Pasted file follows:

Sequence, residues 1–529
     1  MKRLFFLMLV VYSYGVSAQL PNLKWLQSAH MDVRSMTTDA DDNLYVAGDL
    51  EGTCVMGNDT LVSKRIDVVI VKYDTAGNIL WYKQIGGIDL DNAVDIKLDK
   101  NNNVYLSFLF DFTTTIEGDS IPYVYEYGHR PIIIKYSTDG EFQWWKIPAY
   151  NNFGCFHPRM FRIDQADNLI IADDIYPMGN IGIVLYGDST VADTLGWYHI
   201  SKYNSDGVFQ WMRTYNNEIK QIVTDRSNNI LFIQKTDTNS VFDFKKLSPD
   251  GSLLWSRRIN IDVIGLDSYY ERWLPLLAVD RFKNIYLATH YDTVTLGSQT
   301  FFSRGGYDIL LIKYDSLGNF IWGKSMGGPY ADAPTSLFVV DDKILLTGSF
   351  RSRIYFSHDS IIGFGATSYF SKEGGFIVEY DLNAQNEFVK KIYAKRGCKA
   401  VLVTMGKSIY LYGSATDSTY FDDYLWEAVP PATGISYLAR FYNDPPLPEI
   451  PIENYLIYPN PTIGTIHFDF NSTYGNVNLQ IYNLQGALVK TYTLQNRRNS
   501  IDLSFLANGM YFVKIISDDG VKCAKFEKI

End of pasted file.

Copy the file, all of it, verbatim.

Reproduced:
Sequence, residues 1–529
     1  MKRLFFLMLV VYSYGVSAQL PNLKWLQSAH MDVRSMTTDA DDNLYVAGDL
    51  EGTCVMGNDT LVSKRIDVVI VKYDTAGNIL WYKQIGGIDL DNAVDIKLDK
   101  NNNVYLSFLF DFTTTIEGDS IPYVYEYGHR PIIIKYSTDG EFQWWKIPAY
   151  NNFGCFHPRM FRIDQADNLI IADDIYPMGN IGIVLYGDST VADTLGWYHI
   201  SKYNSDGVFQ WMRTYNNEIK QIVTDRSNNI LFIQKTDTNS VFDFKKLSPD
   251  GSLLWSRRIN IDVIGLDSYY ERWLPLLAVD RFKNIYLATH YDTVTLGSQT
   301  FFSRGGYDIL LIKYDSLGNF IWGKSMGGPY ADAPTSLFVV DDKILLTGSF
   351  RSRIYFSHDS IIGFGATSYF SKEGGFIVEY DLNAQNEFVK KIYAKRGCKA
   401  VLVTMGKSIY LYGSATDSTY FDDYLWEAVP PATGISYLAR FYNDPPLPEI
   451  PIENYLIYPN PTIGTIHFDF NSTYGNVNLQ IYNLQGALVK TYTLQNRRNS
   501  IDLSFLANGM YFVKIISDDG VKCAKFEKI